Unfortunately, I don't envision that the billion-dollar industries that profit from poor health will all of a sudden gain a conscience. Nor do I see our elected officials deciding to put their financial positions at stake by facing these industries head on. Change has to begin at the bottom. Until enough fitness and wellness professionals take it upon themselves to ensure that they're providing their clients with proper knowledge and treating them with the respect that they deserve, people will continue to fall prey to the well-established, insidious traps of diet and fitness fads.
"Make sure you take a milk!" At lunch time, there was always a teacher's aide to remind us that our meals were not complete without one of the small boxes of milk piled up in huge bins at the end of the lunch line. Despite my former love affair with cheese I've always hated the taste of milk. The beverage that came in those little red & white boxes were absolutely disgusting to me and I did whatever I could to avoid having to drink it. When forced to, I would place a box of milk on my tray only to surreptitiously toss it in the nearest garbage bin once I was out of view of any nearby adults.
On luckier days, there would be some chocolate milk on hand. The sweet, chocolate flavor went a long way towards covering up the taste of the milk, and it was a whole lot easier to go down - or so I thought. Little did I know then that it was contributing to the near constant stomach aches, unbearable gas and frequent, unpleasant trips to the bathroom that I experienced as a child. My complaints were so frequent that my mom would schedule trips to the doctor's office, only to be told that they could find nothing wrong.
I often wish that I'd had the luck of coming across a physician like Dr. Milton Mills, one with the knowledge and awareness to ask the questions necessary to diagnose what should have been fairly obvious: lactose intolerance. Instead, I made my way into adulthood continuing to consume dairy on a regular basis, though I'd long left my chocolate milk days behind. I was under the impression that dairy was a necessary part of my diet, providing nutrients like calcium and vitamin D that would supposedly build strong bones. As a child in public school, I was constantly being fed the message that I needed dairy. From the Got Milk? posters on the walls to those adamant lunch aides, countless authority figures in my life told me that dairy was a necessary and healthy part of my diet. But how can my body need something that clearly causes it harm?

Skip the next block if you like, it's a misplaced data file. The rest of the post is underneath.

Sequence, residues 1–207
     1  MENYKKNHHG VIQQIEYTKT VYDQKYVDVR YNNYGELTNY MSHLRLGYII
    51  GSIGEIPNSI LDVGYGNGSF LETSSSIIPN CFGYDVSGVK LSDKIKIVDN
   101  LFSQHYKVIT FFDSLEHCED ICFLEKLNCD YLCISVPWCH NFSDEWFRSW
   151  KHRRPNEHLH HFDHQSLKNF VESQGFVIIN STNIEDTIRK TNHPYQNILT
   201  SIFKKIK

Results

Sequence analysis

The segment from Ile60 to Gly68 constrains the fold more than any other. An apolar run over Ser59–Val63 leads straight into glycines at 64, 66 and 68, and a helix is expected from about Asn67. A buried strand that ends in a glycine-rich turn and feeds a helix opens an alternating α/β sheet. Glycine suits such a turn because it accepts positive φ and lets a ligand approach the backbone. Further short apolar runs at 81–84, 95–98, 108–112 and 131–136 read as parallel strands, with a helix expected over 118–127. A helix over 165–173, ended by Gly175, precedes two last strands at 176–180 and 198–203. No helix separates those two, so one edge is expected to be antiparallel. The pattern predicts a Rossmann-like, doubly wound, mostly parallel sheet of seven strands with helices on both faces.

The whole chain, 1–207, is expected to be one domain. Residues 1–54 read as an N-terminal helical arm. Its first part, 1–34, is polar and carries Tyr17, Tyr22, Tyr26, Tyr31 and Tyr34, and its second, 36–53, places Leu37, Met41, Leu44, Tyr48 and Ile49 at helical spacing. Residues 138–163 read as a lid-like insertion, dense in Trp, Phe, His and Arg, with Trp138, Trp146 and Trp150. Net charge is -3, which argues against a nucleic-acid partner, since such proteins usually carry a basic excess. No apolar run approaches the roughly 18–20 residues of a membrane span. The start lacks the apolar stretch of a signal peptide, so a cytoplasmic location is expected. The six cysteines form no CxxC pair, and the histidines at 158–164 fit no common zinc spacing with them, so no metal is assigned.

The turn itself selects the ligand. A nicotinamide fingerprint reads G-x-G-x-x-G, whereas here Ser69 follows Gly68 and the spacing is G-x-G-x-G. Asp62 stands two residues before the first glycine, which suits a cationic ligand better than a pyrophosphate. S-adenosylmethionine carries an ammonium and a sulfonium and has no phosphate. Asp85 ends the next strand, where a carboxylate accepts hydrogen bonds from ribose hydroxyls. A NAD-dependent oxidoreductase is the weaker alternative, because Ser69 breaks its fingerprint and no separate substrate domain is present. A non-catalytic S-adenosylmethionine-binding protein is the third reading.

Lactase deficiency affects 60-80% of the Black population in America. This means that the majority of Black people in the United States do not possess the lactase enzyme necessary to properly digest dairy. Hispanic, Asian and Indigenous Americans also experience high rates of lactose intolerance and are unable to consume dairy without some sort of negative consequence. Thousands of Black children across America who are over-represented in high poverty public schools are depending upon their schools to provide breakfasts and lunches, as well as some general guidance regarding proper nutrition. The U.S. Dietary Guidelines is exactly where school administrators and policy makers turn to in order to formulate the menus for places like public schools. So why does the U.S. continue to push dairy as a necessary part of a healthy diet if a substantial portion of its population can't even digest it properly?
One would hope that by now, given all the research available on the negative health effects of dairy, that these guidelines would be adjusted. Canada, for example, got rid of its 3 cups a day recommendation back in 2019, opting instead to group dairy in as a protein option. The U.S. Dietary Guidelines, however, continues to treat dairy as its own food group, recommending upwards of 3 cups of milk per day. One may respond that to their credit, the U.S. Dietary Guidelines have been updated to state that a comparably nutritious soy milk beverage may be substituted for cow's milk. But how does this translate into practice? The guidelines may allow for additional options, no doubt to save face, but what about cash-strapped public schools? I highly doubt that any of them can afford to provide an additional bin full of little boxes of soy milk for their lactose intolerant students. Not to mention that the MyPlate diagram, which is more public-facing and accessible than the 164-pg U.S. Dietary Guidelines document, continues to feature a cup simply marked "dairy".